New York's political world did not pause. "I'm taking the view that he's still going to move ahead, that he'll still be the candidate," said New York Conservative Party chairman Mike Long, who is interviewing candidates to oppose Giuliani and Clinton. "If he isn't the candidate, maybe the world does change. But I'm not going to put things on hold. The clock is still ticking. Our convention is June 3."

However, some insiders speculated that Giuliani's illness could give him an excuse to drop out of a race for an office that many believe he doesn't want all that much, anyway. "It's created a window for him to gracefully exit that didn't otherwise exist," said Brooklyn Democratic Councilman Ken Fisher. "I don't know if he'll take it."

However, Fisher added, "I think it's too fresh for him to have fully absorbed this. You can be as reassuring as you want about slow-growing cancers, but that doesn't change the impact on somebody when they're told they have cancer. I think it's going to take a while for him to figure out what it means to him."

One mayoral supporter was already speculating that either former Sen. Alfonse D'Amato or Gov. George Pataki could run in Giuliani's stead. U.S. Rep. Rick Lazio, R-Long Island, who has repeatedly talked about running -- and has already raised roughly $3 million -- refused to comment. The Republican candidate will be picked at the party convention on May 30.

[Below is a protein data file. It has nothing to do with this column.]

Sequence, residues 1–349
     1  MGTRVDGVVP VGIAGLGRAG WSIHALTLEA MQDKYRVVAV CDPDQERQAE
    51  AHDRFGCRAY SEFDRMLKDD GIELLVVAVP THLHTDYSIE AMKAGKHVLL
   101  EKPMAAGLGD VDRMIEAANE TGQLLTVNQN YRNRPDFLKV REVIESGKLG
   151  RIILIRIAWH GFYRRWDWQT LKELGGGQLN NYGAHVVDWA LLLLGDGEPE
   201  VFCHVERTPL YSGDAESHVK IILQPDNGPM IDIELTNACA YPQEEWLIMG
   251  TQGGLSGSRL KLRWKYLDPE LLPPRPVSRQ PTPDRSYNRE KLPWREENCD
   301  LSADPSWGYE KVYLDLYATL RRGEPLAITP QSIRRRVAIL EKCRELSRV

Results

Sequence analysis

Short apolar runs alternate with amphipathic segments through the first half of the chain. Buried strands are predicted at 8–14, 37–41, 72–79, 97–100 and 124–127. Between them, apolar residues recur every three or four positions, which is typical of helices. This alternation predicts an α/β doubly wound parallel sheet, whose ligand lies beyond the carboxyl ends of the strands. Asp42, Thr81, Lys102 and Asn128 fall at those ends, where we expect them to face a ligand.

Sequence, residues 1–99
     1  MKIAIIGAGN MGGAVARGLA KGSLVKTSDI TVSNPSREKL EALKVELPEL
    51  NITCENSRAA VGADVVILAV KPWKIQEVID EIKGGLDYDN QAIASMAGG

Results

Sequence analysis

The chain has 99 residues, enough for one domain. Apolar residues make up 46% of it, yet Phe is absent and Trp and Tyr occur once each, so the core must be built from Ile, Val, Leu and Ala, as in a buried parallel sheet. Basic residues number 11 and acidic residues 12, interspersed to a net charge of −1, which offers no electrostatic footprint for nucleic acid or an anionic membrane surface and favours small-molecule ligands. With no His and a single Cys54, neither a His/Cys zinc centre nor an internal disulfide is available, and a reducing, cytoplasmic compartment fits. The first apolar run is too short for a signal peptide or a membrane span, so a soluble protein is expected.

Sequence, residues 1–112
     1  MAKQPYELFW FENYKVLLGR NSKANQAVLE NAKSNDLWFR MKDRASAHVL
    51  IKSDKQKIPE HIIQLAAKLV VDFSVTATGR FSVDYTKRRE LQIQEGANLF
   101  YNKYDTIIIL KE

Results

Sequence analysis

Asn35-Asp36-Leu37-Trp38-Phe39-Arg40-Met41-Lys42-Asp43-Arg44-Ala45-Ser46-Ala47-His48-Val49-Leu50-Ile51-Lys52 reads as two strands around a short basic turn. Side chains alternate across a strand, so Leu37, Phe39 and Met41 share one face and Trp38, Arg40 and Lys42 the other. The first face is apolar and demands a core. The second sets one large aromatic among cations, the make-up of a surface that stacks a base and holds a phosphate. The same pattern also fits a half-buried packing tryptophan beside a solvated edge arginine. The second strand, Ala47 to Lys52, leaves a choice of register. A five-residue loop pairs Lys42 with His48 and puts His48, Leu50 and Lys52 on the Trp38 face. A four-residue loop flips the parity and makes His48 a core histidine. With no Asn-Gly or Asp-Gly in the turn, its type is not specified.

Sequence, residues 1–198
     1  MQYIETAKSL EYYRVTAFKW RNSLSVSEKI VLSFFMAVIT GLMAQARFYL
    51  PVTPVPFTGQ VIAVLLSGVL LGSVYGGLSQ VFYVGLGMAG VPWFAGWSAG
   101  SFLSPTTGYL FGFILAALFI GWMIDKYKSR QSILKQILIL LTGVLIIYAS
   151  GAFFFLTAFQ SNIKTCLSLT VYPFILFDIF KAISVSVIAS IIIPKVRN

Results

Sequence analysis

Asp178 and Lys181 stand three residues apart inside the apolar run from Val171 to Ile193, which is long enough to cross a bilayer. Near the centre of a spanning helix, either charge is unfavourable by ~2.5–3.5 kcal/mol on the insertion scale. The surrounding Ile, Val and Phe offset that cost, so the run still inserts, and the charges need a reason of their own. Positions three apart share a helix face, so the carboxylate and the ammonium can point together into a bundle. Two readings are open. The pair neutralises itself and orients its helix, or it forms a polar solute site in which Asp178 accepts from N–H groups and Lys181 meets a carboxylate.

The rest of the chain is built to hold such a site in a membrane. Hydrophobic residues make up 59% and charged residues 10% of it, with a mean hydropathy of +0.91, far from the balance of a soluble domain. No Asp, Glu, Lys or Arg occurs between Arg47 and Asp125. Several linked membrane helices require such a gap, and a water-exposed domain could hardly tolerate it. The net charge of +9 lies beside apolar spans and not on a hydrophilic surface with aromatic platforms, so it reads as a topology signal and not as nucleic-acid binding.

Despite the diagnosis, Giuliani's campaign announced that he is moving ahead with plans to travel upstate over the next week. But one Republican elected official speculated that the strain of a campaign could be too much to bear.

"There's a difference between coming to work and running for U.S. Senate," he said. "The stress is unbearable. The strain, the travel, the staff briefing you on issues, getting up and debating, not getting enough sleep, shaking hands -- that stuff is just agonizing."

Among those who speculated that Giuliani's illness could actually help him in the race was Scott Levenson, president of the Advance Group, a Democratic political consulting firm. "In the long term, it has the potential of making him more sympathetic, and consequently more electable," he said. "Plus, being more sympathetic makes him less easy to attack. Somebody weak and undergoing radiation treatment is hard to attack. It's hard to go after him."

Indeed, the surprising news appeared to pacify most of Giuliani's critics for at least a day. One exception was street artist Robert Lederman, a frequent and prolific enemy of the mayor's who titled his daily Giuliani e-mail alert "Sympathy for the Devil: Giuliani has cancer." He ran down his entire list of grievances against the mayor, from being "exceptionally nasty, exceptionally vindictive and heartlessly cruel" during his career as an attorney, to spraying malathion to combat mosquitoes this year, and concluded:

"Let us in all sincerity wish this man well but as we do, let us never forget how he has consistently wished us ill. Cancer is a terrible disease that I literally wouldn't wish on my worst enemy -- and the Mayor is as close to a worst enemy as I hope to ever have. I truly hope the Mayor will recover -- but I for one will not ignore the past seven years of misery and devisiveness he has deliberately caused in this City."

Jesse Drucker

Jesse Drucker covers politics for Salon from New York.

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Hillary Rodham Clinton Rudy Giuliani